TO IMPROVE Gender Diversity, We have to Get back to School

Whenever your company’s recruiting problems attract the attention of a famous politician, you understand you’re in big trouble. At a rare public appearance a couple weeks ago, Hillary Clinton spoke about the necessity for more women “at any table . where decisions are created” — and called out Uber by name over those recent accusations of a culture of sexism in its workplace.

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Uber’s recently released “diversity report” did little to assuage the concerns of critics, since it shows that near 80 percent of the company’s leadership is male. Yet Uber isn’t alone in this regard, and several people have remarked that its numbers aren’t that not the same as those at other tech companies.

Indeed, our research at Babson College Center for Women’s Entrepreneurial Leadership demonstrates gender diversity is a problem through the entire startup world. Only 15 percent of VC-funded companies have a female on the executive team, and only 3 percent have a female CEO. Although women are gaining ground, men remain 50 percent much more likely than women to be entrepreneurs.

This insufficient diversity isn’t bad simply for women; it’s harmful to business. Numerous studies show that greater gender diversity on boards and in corporate leadership positions is connected with greater profitability and higher stock values.

Just how do we raise the number of women entrepreneurs and executives? Portion of the solution is to revamp the educational pipeline that shapes future talent. We must train students of most backgrounds and genders to envision women as CEOs, entrepreneurs and innovators, also to know how gender dynamics affect their teams, products — and important thing.

As working out ground for tomorrow’s leaders, business schools and university business programs play a significant role in setting the tone. Yet we often present an outdated vision of business leadership. Research implies that women are marginalized throughout business school, from the language found in classrooms to the makeup of the faculty, to the representations of entrepreneurship in academic papers and case studies.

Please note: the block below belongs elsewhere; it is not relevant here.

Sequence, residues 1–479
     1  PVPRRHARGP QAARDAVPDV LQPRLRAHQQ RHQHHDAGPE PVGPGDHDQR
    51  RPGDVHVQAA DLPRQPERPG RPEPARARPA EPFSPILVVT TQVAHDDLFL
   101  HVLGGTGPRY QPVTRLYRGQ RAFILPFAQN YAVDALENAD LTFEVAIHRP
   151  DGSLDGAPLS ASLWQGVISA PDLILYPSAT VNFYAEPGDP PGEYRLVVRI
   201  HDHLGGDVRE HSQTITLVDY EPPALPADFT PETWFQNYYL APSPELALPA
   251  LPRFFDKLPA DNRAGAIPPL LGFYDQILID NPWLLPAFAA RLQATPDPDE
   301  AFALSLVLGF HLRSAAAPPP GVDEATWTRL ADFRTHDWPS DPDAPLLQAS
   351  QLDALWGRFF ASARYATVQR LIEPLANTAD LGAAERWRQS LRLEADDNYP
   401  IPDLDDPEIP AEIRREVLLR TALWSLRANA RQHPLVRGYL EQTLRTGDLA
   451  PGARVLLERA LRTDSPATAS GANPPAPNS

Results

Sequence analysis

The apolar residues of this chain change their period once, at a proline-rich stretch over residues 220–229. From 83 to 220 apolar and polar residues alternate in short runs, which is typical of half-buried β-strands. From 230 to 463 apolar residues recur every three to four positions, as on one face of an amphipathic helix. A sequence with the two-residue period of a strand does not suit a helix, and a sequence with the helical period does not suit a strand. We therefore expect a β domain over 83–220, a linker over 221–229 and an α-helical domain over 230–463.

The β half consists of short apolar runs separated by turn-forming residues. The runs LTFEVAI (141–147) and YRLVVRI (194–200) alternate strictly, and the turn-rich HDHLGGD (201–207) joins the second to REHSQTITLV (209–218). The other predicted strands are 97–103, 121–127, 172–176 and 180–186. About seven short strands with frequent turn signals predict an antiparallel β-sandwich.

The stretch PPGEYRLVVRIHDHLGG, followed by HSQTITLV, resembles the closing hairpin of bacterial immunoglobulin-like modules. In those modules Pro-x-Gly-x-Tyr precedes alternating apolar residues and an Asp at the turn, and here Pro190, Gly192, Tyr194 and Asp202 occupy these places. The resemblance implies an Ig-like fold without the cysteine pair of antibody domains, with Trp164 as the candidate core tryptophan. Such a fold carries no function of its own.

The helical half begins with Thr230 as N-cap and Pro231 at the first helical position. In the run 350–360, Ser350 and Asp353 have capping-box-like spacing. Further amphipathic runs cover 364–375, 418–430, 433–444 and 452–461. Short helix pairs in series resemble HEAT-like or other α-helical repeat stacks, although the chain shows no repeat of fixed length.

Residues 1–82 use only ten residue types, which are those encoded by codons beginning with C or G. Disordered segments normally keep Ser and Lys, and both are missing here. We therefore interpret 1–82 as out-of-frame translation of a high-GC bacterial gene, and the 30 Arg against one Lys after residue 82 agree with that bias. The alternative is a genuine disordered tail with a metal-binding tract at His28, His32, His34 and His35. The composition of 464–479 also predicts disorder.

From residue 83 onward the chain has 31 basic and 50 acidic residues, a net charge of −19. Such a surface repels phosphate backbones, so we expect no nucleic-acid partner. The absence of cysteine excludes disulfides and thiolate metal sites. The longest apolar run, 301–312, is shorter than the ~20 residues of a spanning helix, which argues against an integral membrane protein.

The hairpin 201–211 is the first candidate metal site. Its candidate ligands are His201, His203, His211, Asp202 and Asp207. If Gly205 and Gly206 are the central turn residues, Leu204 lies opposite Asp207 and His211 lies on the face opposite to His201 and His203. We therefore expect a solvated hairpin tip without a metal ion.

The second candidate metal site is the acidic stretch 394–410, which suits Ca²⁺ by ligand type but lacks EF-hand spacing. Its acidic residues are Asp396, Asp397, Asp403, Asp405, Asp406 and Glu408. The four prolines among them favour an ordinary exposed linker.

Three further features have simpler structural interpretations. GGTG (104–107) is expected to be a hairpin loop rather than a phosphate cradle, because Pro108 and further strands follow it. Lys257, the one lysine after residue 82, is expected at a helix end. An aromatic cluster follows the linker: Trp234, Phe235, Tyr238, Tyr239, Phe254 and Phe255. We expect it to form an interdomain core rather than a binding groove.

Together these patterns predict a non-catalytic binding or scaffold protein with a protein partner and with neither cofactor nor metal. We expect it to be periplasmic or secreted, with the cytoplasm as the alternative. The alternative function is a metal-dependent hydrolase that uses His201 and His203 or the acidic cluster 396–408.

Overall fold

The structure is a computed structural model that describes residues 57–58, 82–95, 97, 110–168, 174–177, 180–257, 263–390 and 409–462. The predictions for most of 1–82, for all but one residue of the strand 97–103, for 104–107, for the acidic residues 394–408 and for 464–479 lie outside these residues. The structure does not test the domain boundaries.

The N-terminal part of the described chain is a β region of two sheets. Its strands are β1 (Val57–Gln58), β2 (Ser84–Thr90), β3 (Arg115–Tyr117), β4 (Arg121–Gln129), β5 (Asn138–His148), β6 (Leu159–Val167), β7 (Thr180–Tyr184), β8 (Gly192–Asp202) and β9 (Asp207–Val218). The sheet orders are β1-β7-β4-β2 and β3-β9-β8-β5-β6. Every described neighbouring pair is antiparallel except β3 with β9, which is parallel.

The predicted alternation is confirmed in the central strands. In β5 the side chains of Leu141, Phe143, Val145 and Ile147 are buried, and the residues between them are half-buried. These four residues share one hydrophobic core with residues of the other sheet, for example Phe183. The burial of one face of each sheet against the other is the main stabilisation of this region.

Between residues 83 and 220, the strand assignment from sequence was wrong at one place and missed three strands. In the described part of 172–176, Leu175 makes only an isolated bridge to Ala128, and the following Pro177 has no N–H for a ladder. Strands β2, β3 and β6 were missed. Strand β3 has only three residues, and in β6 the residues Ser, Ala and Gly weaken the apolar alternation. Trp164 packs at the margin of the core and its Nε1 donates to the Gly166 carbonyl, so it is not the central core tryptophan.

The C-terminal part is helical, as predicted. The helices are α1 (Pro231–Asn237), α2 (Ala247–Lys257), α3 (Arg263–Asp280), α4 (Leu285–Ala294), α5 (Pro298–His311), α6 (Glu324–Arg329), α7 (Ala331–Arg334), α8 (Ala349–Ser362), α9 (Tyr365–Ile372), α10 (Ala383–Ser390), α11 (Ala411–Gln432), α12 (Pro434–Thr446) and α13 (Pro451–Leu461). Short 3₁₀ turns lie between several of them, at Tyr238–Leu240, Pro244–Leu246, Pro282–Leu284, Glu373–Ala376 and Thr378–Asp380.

That must end.

For example: Business students spend hours poring over case studies that disproportionately feature CEOs and key decision-makers who are men. One study discovered that only 11 percent of the 74 most popular cases from 2009 to 2015 had a female protagonist, and nearly half didn’t include any women at all.

Business students also learn primarily from men, since typically only 15 percent to twenty five percent of professors at top business schools are women. These disparities present future CEOs, entrepreneurs and managers with a vision of business leadership that’s almost exclusively male.

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That’s unfortunate because, in today’s economy, gender acumen is a requisite leadership skill. Understanding gender is vital for optimizing relationships with employees, customers and colleagues. We expect MBA programs to expose students to a number of business sectors and experiences, which range from entrepreneurship and corporate leadership, to finance and marketing. Shouldn’t gender be as important as race, ethnicity and other dimensions of diversity?